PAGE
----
Last fall, a student at Academy of Art University in San Francisco was expelled for writing an extremely violent short story for a creative writing class. In the fallout, the instructor was dismissed after it was revealed that she had assigned the class to read a somewhat graphic story by David Foster Wallace prior to the incident. At the end of March the San Francisco Chronicle broke the story and incited a furor among a number of the country’s literary luminaries. I first heard about this at Scott McCloud’s blog (scroll down to 4/4). McCloud had heard about the scandal from Neil Gaiman (author of American Gods and many others), who had been the recipient of an email sent out by Daniel Handler AKA Lemony Snicket, the children’s author, after Handler was barred from speaking at the Art Academy. Handler’s forceful ejection was recounted here, where we also see that Dave Eggers and Michael Chabon are going on the attack. All of which brings us to today’s opinion piece in the New York Times, in which Pulitzer prizewinner (for The Amazing Adventures of Kavalier & Clay) Chabon muses in a pleasantly obscure way about being a teenager under a headline that, rather oddly, references Jonathan Lethem’s most recent novel. So, what does this all mean? Here’s my prediction: Team American Contemporary Writers will place enough pressure on the Academy of Art that it will be forced to issue a public apology. The fired instructor will get hired at another liberal-leaning university, and the expelled student will sign a lucrative book deal on his way to becoming the next Bret Easton Ellis. Most folks who are commenting on this believe that it is indicative the American fear of the teenager that lingers from Columbine. That is most definitely true, but it is also indicative of the fact that the Academy of Art University in San Francisco faculty and administration don’t seem to be very adept at handling a minor crisis, nor are they particularly well-read. Gaiman mentions this on his blog: “according to Daniel Handler they got a letter of remonstrance from Salman Rushdie, and didn’t recognize the name,” and according to the Chronicle story, “[the Academy of Art administration was] none too pleased that the instructor was teaching Wallace’s story. “Nobody had ever heard of him,” [the instructor] said. “In fact, they kept calling him George Foster Wallace.” (Thanks to my friend Brian for forwarding the Times op-ed to me this morning.)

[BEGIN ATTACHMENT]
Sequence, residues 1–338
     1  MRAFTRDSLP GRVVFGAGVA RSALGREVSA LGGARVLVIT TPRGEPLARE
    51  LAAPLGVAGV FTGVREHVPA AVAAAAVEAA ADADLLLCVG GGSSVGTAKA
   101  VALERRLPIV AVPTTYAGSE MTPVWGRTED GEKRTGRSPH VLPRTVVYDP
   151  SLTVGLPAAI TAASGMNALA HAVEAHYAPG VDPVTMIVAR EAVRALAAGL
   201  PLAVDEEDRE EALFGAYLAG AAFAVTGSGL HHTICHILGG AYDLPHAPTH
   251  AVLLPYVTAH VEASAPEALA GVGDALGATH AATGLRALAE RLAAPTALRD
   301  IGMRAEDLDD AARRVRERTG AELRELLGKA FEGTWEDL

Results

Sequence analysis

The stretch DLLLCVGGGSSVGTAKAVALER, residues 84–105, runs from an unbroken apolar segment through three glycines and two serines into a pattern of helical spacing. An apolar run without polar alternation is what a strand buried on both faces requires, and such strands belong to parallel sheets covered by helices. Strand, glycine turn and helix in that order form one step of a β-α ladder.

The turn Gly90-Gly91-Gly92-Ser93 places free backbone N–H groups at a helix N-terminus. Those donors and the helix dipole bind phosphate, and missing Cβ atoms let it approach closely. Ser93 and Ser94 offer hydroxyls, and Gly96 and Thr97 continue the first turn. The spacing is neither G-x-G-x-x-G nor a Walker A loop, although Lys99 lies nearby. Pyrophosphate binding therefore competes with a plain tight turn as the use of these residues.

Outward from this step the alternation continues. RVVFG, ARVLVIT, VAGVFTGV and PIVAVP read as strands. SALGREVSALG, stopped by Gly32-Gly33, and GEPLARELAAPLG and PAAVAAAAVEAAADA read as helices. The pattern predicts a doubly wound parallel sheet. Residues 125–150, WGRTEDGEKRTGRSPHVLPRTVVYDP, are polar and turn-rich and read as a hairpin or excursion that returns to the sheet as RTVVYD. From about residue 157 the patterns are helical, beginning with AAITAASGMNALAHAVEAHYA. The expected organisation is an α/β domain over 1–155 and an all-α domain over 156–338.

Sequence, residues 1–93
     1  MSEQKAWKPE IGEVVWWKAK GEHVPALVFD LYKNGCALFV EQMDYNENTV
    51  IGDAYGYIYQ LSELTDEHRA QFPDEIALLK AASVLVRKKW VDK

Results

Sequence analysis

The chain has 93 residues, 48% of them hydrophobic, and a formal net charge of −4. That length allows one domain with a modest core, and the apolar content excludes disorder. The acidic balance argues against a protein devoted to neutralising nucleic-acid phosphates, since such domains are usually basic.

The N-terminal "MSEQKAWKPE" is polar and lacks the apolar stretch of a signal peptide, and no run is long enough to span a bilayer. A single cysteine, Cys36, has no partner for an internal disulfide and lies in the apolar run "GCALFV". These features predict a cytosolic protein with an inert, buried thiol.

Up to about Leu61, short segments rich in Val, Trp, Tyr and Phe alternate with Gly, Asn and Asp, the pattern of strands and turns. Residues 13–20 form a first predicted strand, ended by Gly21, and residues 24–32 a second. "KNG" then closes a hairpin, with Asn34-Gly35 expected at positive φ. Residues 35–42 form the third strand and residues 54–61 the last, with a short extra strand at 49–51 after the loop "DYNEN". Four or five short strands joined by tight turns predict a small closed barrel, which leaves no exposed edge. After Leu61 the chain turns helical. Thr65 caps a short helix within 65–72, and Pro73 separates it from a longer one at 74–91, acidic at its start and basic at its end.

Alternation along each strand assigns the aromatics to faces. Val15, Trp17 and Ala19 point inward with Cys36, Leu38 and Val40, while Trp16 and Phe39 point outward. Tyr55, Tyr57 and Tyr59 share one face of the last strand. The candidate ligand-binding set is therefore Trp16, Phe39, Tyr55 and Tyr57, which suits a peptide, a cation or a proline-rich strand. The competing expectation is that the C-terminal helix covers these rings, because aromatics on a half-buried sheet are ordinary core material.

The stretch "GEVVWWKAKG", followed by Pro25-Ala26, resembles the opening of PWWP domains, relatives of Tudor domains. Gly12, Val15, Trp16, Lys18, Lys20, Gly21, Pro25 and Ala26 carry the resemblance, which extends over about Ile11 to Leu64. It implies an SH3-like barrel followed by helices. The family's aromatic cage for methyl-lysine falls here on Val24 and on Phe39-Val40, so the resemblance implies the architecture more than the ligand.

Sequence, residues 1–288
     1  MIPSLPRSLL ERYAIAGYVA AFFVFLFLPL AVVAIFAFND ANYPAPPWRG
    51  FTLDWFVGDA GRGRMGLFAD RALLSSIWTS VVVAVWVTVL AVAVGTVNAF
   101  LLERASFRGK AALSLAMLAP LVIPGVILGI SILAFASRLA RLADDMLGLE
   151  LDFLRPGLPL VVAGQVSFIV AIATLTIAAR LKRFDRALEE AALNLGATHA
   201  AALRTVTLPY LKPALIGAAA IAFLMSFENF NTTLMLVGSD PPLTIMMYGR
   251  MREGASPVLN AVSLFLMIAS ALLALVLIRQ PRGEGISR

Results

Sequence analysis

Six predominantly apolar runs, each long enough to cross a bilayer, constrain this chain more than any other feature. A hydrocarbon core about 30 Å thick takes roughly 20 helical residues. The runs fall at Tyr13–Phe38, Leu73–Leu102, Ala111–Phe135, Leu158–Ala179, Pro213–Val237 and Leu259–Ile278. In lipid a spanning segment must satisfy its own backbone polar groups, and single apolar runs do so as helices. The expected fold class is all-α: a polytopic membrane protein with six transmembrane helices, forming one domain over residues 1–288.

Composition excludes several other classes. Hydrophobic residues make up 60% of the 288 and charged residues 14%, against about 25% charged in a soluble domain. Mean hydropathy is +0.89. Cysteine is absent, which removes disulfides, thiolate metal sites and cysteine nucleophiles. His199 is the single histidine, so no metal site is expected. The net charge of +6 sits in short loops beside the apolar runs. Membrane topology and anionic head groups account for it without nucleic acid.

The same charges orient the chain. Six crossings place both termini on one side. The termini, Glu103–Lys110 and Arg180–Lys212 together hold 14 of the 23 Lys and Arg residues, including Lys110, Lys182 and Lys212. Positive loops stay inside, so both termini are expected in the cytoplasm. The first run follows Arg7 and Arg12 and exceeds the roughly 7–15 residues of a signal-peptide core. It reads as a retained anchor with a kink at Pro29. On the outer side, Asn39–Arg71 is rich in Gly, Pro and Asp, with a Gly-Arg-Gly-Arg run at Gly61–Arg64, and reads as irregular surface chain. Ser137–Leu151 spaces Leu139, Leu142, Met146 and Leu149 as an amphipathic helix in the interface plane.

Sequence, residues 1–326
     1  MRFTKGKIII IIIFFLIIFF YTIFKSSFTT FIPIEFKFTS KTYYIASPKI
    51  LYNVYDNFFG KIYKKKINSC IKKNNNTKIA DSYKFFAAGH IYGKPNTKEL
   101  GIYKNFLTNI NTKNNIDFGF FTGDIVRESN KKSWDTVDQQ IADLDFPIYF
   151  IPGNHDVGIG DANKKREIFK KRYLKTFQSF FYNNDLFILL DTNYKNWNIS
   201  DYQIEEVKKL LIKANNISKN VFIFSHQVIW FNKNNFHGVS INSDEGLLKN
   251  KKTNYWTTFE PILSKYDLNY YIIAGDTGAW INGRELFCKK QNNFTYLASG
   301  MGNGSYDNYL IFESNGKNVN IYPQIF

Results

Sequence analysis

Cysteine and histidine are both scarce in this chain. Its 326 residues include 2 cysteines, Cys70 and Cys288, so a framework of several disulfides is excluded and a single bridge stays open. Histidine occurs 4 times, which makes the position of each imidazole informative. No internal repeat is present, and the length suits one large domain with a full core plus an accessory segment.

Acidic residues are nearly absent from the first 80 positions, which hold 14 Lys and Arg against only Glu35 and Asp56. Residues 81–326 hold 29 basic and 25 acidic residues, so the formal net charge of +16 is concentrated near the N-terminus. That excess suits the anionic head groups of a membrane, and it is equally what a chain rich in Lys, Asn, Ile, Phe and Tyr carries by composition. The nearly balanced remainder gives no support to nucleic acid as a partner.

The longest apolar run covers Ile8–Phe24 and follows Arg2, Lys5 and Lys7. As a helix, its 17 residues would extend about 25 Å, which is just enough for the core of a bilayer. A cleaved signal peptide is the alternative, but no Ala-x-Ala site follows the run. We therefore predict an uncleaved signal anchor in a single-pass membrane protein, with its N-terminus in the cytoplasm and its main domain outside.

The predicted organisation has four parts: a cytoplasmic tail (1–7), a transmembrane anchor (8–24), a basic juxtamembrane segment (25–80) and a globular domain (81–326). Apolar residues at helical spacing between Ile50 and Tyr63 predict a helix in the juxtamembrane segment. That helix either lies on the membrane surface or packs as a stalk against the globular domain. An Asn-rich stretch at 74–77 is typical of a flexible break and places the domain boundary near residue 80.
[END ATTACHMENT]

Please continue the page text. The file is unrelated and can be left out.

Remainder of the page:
I had such a good time reading the Count of Monte Cristo that it made me wonder why I don’t read more so-called “classics.” So many times I have wandered into a book store or browsed through Amazon fruitlessly, when I might have gone for the known quantity that is the classic. First, let me define what I’m talking about here. People shy away from classics for two reasons: because they are old. You worry that the book will seem moldy and out of touch. And a classic is the sort of book that is assigned in middle school and high school, and therefore it doesn’t seem like the sort of book you’d want to read for fun (it might bring back bad memories, after all). But again and again I find that this is the wrong way to look at it. I am almost never disappointed when I read a classic novel. So, for all you casual readers out there, consider the classic.But classics aren’t just great for us grown ups, they’re perfect for precocious young readers. When I worked at the book store, I would often encounter parents trying to find books for kids who had read all the kids books. These young readers had read all the Harry Potter, all the Lemony Snicket, and the parents were looking for more of the same. I realized that classic novels are the perfect way to graduate these young readers to the next level of reading. Sure they may get assigned some of these books in school, but I know that when I was young, I found reading books for fun to be far more gratifying than reading for school. Here’s a quick list of classics that I like to recommend to precocious young readers (I’m only recommending books that I have read, so if you’ve got any ideas please share – there are so many more!):The Adventures of Huckleberry Finn by Mark TwainThe Scarlet Letter by Nathaniel HawthornePride and Prejudice by Jane AustenGreat Expectations by Charles DickensGulliver’s Travels by Jonathan SwiftFrankenstein by Mary ShelleyOr you could just get ALL of themUpdate: From the comments:Awakening by Kate Chopin (suggested by edan)Madame Bovary by Gustave Flaubert (suggested by edan)Wuthering Heights by Emily Bronte (suggested by erin)The Brothers Karamazov by Fyodor Dostoevsky (suggested by The Happy Booker)Related: Ask a Book Question: The 27th in a Series (Classifying Classics)Related: Giving Kids the Classics
In a recent issue of The New York Times, Tina Brown explained the rationale behind her nascent Book Beast project thusly:
There is a real window of interest when people want to know something. . . . And that window slams shut pretty quickly in the media cycle.